Everybody wants to be financially free, but are they willing to take action? For today’s segment, financial literacy expert, keynote speaker, and best-selling author Sharon Lechter teaches about financial freedom in its barest definition and shares how you can achieve it. Sharon co-authored the international bestseller, Rich Dad Poor Dad, and fourteen other books in the Rich Dad series. She recalls the inspiration that started her into financial education and how this literacy can be a catalyst for change. She also touches on the power of association and reveals the secrets to successful entrepreneurship. The choices that you make today shape what you will become tomorrow. Take action and don’t miss this podcast episode.
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Achieving Financial Literacy And Freedom With Sharon Lechter
Our guest is an interesting one. You will enjoy the interview. It’s Sharon Lechter. Sharon is the former CEO of Rich Dad and Pay Your Family First. She’s an entrepreneur and a number one New York Times international best-selling author, philanthropist, international speaker, mentor, licensed CPA and chartered global management accountant. She co-authored Rich Dad Poor Dad, which is why you must be thinking about her name. She also co-authored with Donald Trump and Kiyosaki in Why We Want You To Be Rich. Also Greg Reid who we interviewed, she co-authored a book with him called Three Feet From Gold and also Outwitting The Devil, Think and Grow Rich For Women, Success and Something Greater: Your Magic Key. She’s written a lot of books and she’s written quite a bit.
She was in Columbia and had some cool things to say about that. I do a lot of work with the Rich Dad organization, mainly their Rich Dad Advisors. I have great relationships with all of them, with Tom Wheelwright and Andy Tanner, the Cashflow Wealth Summit which is an annual conference is 100% online. I never had the chance to meet Sharon Lechter although I know she was part of the Rich Dad story. I came to gain a good feeling about her as well as respect and adoration. The influence she had on Rich Dad or the influence it had on here and vice versa, I know it’s mutual.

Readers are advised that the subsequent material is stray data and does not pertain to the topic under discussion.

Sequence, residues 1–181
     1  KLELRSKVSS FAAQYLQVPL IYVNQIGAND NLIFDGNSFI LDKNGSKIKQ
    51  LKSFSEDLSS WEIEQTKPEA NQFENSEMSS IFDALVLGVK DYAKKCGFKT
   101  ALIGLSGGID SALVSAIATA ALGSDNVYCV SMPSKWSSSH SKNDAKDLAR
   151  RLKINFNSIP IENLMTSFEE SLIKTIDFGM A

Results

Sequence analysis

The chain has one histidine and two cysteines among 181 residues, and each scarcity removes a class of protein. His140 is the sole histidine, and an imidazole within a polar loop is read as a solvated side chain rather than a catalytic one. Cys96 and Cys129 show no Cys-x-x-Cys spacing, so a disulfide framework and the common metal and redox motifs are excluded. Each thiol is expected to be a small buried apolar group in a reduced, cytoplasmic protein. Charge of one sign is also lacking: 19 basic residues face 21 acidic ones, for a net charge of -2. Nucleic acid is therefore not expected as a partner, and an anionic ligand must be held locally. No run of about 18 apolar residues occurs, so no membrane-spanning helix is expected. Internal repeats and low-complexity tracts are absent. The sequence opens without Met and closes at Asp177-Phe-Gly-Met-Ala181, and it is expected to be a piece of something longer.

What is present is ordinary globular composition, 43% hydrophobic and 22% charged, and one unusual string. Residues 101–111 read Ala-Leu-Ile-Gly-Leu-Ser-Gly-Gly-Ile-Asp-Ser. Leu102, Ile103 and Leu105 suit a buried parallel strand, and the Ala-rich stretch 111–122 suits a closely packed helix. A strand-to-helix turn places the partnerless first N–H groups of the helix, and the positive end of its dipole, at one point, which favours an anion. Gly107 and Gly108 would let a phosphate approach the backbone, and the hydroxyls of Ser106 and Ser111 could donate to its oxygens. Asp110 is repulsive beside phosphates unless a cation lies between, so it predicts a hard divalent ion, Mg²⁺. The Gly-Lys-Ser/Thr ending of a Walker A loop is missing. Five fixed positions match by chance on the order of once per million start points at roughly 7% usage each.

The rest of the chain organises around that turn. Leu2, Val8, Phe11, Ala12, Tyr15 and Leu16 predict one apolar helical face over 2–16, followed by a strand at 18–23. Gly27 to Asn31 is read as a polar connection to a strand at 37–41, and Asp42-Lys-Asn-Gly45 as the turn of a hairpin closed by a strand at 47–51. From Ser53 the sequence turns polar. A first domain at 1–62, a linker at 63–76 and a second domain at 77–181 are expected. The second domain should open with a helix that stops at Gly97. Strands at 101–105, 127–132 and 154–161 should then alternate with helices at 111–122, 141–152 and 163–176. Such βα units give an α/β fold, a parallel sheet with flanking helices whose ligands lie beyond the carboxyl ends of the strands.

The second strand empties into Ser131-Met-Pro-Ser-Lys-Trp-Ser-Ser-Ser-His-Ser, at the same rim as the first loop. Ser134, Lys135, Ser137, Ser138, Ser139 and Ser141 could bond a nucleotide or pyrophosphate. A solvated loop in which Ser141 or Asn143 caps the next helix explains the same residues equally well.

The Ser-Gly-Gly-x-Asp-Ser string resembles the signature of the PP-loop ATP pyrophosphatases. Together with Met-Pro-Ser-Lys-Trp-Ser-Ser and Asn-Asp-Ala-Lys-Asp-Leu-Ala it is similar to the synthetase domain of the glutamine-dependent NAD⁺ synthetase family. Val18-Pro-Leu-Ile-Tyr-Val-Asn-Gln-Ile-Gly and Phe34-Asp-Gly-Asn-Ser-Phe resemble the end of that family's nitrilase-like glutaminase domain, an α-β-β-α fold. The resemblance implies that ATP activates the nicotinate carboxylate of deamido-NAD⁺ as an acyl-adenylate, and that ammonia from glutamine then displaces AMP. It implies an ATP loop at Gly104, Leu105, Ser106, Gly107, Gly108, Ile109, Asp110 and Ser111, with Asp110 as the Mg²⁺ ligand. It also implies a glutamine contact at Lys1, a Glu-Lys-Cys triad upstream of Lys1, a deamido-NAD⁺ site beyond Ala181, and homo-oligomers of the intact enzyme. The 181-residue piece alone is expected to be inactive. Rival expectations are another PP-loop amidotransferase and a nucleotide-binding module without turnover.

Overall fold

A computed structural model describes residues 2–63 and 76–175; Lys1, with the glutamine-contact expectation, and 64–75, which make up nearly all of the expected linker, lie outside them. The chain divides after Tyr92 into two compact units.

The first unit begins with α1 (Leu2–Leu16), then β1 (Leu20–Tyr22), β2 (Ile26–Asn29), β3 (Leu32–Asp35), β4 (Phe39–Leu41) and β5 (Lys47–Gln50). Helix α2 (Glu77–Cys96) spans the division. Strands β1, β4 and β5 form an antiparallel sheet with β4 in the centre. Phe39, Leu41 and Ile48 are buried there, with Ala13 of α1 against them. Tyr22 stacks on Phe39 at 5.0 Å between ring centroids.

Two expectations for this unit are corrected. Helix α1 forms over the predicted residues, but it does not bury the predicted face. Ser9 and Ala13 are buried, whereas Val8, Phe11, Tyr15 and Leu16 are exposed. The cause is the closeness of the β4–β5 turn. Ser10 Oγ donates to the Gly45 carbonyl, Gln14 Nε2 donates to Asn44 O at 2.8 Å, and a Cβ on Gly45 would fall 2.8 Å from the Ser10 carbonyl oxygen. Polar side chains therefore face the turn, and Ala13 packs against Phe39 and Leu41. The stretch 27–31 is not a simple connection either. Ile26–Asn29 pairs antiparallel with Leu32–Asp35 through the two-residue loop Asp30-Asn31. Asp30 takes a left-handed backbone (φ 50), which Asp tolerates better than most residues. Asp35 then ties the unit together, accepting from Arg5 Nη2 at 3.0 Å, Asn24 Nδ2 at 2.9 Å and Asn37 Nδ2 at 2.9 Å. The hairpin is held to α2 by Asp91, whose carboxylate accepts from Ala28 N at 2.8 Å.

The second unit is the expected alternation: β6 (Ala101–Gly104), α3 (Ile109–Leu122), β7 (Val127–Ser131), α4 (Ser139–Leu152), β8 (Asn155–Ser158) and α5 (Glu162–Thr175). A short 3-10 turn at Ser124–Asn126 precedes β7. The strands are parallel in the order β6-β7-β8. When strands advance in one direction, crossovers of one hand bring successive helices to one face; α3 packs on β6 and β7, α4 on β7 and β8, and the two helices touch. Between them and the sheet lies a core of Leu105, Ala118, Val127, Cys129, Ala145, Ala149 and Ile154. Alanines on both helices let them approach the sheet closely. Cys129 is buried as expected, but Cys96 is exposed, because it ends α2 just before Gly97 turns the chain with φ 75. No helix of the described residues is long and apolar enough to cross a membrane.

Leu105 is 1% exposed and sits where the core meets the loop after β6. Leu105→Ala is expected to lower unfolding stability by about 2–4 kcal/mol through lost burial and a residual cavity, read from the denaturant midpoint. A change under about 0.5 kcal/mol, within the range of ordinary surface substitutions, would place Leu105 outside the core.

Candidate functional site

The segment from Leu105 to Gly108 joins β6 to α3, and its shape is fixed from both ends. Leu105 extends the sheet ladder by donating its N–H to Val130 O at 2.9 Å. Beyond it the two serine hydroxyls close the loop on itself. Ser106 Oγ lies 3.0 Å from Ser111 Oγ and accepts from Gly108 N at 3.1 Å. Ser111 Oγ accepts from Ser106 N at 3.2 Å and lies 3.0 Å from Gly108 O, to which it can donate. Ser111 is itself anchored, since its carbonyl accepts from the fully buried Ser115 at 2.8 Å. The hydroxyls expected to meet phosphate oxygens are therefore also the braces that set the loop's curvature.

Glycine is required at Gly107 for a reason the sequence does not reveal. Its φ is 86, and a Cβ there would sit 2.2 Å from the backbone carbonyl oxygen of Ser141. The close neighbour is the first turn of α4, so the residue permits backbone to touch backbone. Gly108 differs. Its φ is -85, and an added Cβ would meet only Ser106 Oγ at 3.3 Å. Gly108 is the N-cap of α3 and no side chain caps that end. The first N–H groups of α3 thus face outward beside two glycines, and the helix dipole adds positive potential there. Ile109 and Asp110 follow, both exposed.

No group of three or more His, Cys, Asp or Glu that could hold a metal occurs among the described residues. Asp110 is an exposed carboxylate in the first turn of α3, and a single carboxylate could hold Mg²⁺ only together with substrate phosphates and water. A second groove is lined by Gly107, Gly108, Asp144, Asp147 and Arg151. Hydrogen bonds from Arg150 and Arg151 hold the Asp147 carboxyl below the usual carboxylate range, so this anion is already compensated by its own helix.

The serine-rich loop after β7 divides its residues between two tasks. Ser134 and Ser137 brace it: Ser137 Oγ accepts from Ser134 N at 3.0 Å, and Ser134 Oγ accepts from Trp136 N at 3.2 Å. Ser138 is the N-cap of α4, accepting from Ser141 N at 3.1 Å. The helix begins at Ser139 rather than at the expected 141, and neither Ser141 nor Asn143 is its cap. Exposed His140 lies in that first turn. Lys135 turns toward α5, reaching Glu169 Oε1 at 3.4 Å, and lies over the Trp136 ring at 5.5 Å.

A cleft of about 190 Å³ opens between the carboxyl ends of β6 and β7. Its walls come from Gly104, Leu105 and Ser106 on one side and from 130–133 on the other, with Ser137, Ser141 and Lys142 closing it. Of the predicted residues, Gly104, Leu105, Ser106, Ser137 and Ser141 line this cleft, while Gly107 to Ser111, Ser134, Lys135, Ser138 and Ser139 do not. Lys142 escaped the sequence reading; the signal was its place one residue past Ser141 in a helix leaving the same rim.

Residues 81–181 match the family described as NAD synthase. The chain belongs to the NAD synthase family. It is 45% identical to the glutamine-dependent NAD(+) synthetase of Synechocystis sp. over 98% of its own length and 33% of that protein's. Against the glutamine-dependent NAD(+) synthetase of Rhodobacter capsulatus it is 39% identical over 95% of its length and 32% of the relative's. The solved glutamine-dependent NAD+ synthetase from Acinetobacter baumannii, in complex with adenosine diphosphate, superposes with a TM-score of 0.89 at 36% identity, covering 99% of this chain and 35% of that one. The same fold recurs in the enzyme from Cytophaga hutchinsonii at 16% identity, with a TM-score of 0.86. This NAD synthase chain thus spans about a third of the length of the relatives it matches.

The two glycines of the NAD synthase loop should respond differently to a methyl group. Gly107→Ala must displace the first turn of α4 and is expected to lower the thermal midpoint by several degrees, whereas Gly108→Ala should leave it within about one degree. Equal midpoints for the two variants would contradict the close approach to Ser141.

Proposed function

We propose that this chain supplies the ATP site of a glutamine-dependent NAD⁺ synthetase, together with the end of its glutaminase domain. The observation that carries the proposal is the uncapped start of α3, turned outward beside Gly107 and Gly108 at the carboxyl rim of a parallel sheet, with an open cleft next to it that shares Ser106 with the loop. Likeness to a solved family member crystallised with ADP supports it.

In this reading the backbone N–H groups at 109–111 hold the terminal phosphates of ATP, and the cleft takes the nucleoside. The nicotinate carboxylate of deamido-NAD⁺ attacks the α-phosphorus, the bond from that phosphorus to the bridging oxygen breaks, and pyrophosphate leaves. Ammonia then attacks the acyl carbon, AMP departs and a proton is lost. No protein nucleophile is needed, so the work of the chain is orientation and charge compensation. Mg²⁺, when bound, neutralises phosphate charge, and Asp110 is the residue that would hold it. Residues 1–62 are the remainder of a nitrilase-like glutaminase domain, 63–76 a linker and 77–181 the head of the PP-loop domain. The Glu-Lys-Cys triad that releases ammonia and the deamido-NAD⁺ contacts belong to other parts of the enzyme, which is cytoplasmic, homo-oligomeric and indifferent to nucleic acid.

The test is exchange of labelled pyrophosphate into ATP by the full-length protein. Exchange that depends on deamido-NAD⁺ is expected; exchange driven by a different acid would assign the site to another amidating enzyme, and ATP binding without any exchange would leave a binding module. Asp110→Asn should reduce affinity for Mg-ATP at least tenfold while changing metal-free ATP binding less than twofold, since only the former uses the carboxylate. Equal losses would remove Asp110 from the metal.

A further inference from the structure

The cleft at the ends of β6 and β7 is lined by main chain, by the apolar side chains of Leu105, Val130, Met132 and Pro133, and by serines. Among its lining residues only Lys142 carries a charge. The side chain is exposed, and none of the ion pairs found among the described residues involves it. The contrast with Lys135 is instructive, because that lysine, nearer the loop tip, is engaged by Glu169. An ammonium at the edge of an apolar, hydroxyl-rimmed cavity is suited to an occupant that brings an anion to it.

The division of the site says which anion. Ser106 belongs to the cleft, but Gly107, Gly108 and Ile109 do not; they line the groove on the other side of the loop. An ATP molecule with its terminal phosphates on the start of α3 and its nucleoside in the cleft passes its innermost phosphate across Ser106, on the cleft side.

She’s out there doing good and I believe she has some sound principles she talks about and we recommend you to go her website. She’s definitely mission-driven and still has a lot of work to do. I hope you enjoy the interview we had talking about the theme of entrepreneurship. She definitely is one that has seen many of those. If you like the show, we would love your feedback on iTunes. iTunes started deleting podcasts in general, hopefully not our podcast yet and hopefully never. They’re definitely restructuring some of the podcasts stuff on iTunes. If you would head over and support us, that would be amazing. All you have to do is give us a review and subscribe.
Sharon, thank you so much for taking the time to do this interview. I’m excited to talk to you about entrepreneurship because you have extensive experience in that arena.
Thanks, Patrick. I’ve been around a long time. I have done a lot of things.
Which says a lot. I’m hoping we can get to some of that. The first that I’ve been intrigued by is I’ve discovered that there are these universal variables or principles that determine the success or failure of a business or an entrepreneur. What are a few of those variables that you have discovered along the way? You’ve seen probably thousands of businesses, lots of success but also lots of failure. Have you come to some of those conclusions?
Certainly. One of the biggest ones is every entrepreneur, they’re in love with their product or their service, their idea, the deliverable of their company but too few of them take the time to build the foundation around that business. Everybody wants a successful business, but in order to make that successful business scalable and then ultimately saleable, you need to have the foundation around it. Some of that part is boring because you have to have the right legal structure, you have to have the right agreements, you have to have the right business systems and most people don’t think about that. It’s very important when you are a young entrepreneur to make sure you have a team around you and mentors that can help you build the business structure so that you can create and scale your success.
Getting to that point though, most entrepreneurs or business owners will start because they have a product or a service. Other than finding an amazing all-star team to put together right out of the gate, what are ways in which you’ve seen someone go through stages of a business to get to the point where they realize, “I need a team, I need some structure and I need to set up my operations this way?” What’s usually the process that an entrepreneur goes through before they have that realization?